a book club about the environment
What a perfect time to read! Join Annapolis Green for our environmental book club, Annapolis Green Reads, to grow your appreciation for the environment while benefiting from the collective wisdom of many authors who write about our natural world and to connect with others!
All you need is an interest in reading books (or listening to the audio version) about our environment and our place in it. No expertise on these issues is necessary, although we welcome those who have some to participate and contribute.
Book club meetings will be held on the fourth Wednesday of each month either in person or on Zoom. Our book club leader will make the call and let Green Readers know.
- Wednesday, October 28, at 7pm
The book for October is Bringing Nature Home: How You Can Sustain Wildlife with Native Plants by Doug Tallamy.
Tallamy reveals the unbreakable link between native plant species and native wildlife—native insects cannot, or will not, eat alien plants. When native plants disappear, the insects disappear, impoverishing the food source for birds and other animals. More about the book.
Once our lives resume typical rhythms, we will meet monthly, in person, at our wonderful, independently owned neighborhood bookstore, Old Fox Books (35 Maryland Avenue). To patronize Old Fox Books while maintaining social distancing, please give them a call (410-626-2020) to place your book order or email email@example.com. It takes them a few days to acquire the book and then they can mail your copy at a cost of just $1 or will even deliver right to your home if you are in the Greater Annapolis area.
The Anne Arundel Public Library has many of our selected books (and eBook and audiobook versions) available.
Questions, comments, want to join? Contact Karen Grumbles, our Green Reads leader, at firstname.lastname@example.org. Happy reading!
Possible selections for Future Months
- Silent Spring by Rachel Carson
- We Are the Weather: Saving the Planet Begins at Breakfast by Jonathan Safran Foer
- The Sixth Extinction: An Unnatural History by Elizabeth Kolbert
- The Overstory by Richard Powers
- Gun Island by Amitav Ghosh
- A poetry collection by Mary Oliver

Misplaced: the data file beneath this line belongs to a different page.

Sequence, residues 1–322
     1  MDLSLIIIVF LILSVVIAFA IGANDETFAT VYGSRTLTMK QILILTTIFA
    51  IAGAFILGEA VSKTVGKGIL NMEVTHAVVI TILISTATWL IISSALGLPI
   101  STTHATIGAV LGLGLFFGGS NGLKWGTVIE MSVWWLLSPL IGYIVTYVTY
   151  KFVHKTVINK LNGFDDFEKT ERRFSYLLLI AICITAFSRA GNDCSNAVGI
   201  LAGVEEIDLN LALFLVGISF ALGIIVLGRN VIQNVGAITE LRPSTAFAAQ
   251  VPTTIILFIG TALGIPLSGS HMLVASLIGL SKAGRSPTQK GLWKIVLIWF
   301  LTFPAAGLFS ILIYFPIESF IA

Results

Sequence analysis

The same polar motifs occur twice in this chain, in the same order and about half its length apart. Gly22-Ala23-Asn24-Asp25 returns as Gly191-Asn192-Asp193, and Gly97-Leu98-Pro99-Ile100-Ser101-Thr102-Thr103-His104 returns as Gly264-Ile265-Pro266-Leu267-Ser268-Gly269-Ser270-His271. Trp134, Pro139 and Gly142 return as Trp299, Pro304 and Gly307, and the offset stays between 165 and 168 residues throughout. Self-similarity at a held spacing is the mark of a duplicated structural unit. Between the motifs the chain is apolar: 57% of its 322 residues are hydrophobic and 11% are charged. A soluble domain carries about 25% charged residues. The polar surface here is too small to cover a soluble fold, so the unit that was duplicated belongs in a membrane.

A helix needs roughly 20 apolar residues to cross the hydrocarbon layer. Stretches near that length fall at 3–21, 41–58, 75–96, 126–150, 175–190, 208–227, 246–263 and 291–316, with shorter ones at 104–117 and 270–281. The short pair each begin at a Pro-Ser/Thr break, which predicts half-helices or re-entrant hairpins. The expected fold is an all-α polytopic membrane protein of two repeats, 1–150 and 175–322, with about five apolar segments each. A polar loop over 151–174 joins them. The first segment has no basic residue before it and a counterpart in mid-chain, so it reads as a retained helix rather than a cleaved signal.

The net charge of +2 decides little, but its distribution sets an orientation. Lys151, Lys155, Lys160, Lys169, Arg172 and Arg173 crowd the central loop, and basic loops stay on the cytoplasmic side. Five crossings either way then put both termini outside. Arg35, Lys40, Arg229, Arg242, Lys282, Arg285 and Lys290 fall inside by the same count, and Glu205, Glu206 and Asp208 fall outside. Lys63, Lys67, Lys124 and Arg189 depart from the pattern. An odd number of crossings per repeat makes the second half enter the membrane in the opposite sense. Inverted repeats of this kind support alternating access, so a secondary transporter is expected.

- The Omnivore’s Dilemma by Michael Pollan
Past Green Reads
April 2020:The Future We Choose: Surviving the Climate Crisis
by Christiana Figueres and Tom Rivett-Carnac
A recent book, it is both cautionary and hopeful. Given that we are already dealing with so much uncertainty in our lives, this is a good, more optimistic read with suggestions for actions that we can take. More about the book.
May 2020: Inconspicuous Consumption: The environmental impact you don’t know you have
by Tatiana Schlossberg
“…a compelling and unexpectedly entertaining look at how climate change is entangled in everything we use, buy, eat, wear and how we get around.” More about the book.
June 2020: To Speak for the Trees: My Life’s Journey from Ancient Celtic Wisdom to a Healing Vision of the Forest
by Diana Beresford-Kroeger
“…in a captivating account of how her [the author’s] life led her to these illuminating and crucial ideas, she shows us how forests can not only heal us but save the planet.” More about the book.
July 2020: The Rise of the American Conservation Movement
by Dorceta Taylor
“…sweeping social history … [examining] the emergence and rise of the multifaceted U.S. conservation movement from the mid-nineteenth to the early twentieth century… [showing] how race, class, and gender influenced every aspect of the movement. More about the book.
August 2020: Chesapeake Requiem: A Year with the Watermen of Vanishing Tangier Island by Earl Swift
“A brilliant, soulful, and timely portrait of a two-hundred-year-old crabbing community in the middle of the Chesapeake Bay as it faces extinction.” More about the book.
September 2020: The World is Blue: How our Fate and the Oceans are One by Sylvia Earle
From National Geographic: “A Silent Spring for our era, this eloquent, urgent, fascinating book reveals how just 50 years of swift and dangerous oceanic change threatens the very existence of life on Earth. Legendary marine scientist Sylvia Earle portrays a planet teetering on the brink of irreversible environmental crisis… Earle argues passionately and persuasively… to find responsible, renewable strategies that safeguard the natural systems that sustain us. The first step is to understand and act upon the wise message of this accessible, insightful, and compelling book.” More about the book.
Other Earle links: